Monday 30 November 2020 6:03 am

The rush for Tech Nation visas is misguided — why limit recruitment by geography?

Job van der Voort is co-Founder and chief executive of Remote

Earlier this month, it was reported that applications for the Tech Nation visa into the UK spiked almost 50 per cent this year.

Pandemic or no pandemic, Britain’s tech sector continues to attract talent from around the world.

In the last two years alone, almost 2,000 people have applied for the visa, which grants tech employees the right to work in the UK for up to five years. Demand is expected to rise even further in 2021, when freedom of movement ends and EU nationals hoping to work in UK tech need to find a different route in.

It is always reassuring to hear news of the continuing appeal of Britain’s tech sector, and that high numbers of overseas applicants want to fill the UK’s yawning skills gap (don’t forget that nine in 10 organisations admit to having a shortage of digital skills, according to the Open University).

However, this rush for visas is misguided.

For focus on the Tech Nation visa indicates that UK employers are still thinking geographically when it comes to hiring — that talent must either be based locally or be willing to emigrate.

The reality is that talent is distributed all over the world. Insisting on geographic proximity requires knowledge workers to leave their friends and families behind if they want to access greater opportunities, trading their local communities for a higher cost of living in densely populated cities like London, potentially on the other side of the world.

Obviously, not all workers will be keen to jump on a plane for a job opportunity, limiting the prospective talent pool. But what if they didn’t need to?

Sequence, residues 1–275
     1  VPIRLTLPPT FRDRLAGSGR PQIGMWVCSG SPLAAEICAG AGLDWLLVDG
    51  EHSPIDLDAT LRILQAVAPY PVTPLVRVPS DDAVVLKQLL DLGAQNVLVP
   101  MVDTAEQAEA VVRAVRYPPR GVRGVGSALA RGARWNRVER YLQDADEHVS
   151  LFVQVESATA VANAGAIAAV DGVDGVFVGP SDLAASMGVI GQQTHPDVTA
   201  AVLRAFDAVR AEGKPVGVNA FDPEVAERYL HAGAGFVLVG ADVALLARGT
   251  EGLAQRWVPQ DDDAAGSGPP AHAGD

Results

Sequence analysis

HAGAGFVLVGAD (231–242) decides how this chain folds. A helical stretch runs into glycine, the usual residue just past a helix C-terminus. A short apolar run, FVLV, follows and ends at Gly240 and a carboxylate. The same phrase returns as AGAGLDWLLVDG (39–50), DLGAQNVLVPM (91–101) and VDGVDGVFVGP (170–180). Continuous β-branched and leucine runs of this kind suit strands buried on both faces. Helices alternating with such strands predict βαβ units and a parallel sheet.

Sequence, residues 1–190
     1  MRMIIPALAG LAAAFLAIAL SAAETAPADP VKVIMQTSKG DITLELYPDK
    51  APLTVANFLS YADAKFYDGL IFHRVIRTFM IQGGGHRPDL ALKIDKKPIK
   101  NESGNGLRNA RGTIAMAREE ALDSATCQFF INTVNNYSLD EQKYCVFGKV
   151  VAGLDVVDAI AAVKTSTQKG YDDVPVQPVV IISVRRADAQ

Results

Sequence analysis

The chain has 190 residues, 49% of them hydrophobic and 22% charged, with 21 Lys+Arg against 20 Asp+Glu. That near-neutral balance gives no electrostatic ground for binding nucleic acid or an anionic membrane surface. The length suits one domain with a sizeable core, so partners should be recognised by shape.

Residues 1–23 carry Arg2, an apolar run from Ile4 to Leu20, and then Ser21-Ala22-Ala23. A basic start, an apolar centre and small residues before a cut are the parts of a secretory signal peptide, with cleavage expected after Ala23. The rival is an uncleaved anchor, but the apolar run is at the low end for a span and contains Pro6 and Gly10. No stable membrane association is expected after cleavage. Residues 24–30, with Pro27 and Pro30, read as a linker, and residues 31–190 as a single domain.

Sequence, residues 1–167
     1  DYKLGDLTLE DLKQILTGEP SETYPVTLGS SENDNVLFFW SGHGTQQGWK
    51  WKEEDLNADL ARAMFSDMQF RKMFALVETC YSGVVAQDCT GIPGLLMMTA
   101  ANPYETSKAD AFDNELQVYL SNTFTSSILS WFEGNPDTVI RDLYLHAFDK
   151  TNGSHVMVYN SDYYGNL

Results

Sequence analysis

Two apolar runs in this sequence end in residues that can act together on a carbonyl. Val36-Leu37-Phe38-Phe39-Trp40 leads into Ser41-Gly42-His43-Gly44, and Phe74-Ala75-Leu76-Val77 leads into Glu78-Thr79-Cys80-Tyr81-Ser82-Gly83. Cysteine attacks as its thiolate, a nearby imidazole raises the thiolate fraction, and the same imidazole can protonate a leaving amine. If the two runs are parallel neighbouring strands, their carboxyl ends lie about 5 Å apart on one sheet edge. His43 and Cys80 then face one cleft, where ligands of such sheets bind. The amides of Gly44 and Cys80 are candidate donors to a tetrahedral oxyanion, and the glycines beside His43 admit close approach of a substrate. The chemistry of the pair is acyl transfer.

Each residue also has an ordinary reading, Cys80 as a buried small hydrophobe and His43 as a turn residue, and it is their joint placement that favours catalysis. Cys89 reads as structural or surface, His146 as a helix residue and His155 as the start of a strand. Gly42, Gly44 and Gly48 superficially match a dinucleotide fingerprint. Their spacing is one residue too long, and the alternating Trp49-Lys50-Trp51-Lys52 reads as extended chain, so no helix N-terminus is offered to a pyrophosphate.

If London’s businesses considered hiring according to time zone rather than location, for example, they could consider applicants from across Europe, or even further afield like Israel or South Africa, which have similar working hours to the UK. With the recent shift to remote working, we’ve seen first-hand that workers don’t need to be in a physical office to do their jobs, so why restrict hiring to those prepared to move?

Historically, employing someone overseas has come with bureaucratic and logistics challenges, such as setting up different country entities which can be expensive and confusing for businesses. That’s without considering local market knowledge such as salary expectations, or individual country compliance. 

But the technology now exists to make this process frictionless, handling global payroll, benefits, compliance and taxes. And we’ve seen a host of tech companies rise to prominence (most notably Zoom) since the pandemic began that make it easier than ever before to collaborate and work seamlessly from anywhere.

Remote working is no longer an oddity — it is the new normal.

If employers break free from traditional ways of thinking about hiring and look beyond candidates who can commute into the office, the pool of employable talent is limitless. We don’t need to focus on the few who successfully apply for a visa. We can hire the best and the brightest, wherever they come from — and they don’t even need to set foot on a plane.

Main image credit: Getty

City A.M.'s opinion pages are a place for thought-provoking views and debate. These views are not necessarily shared by City A.M.

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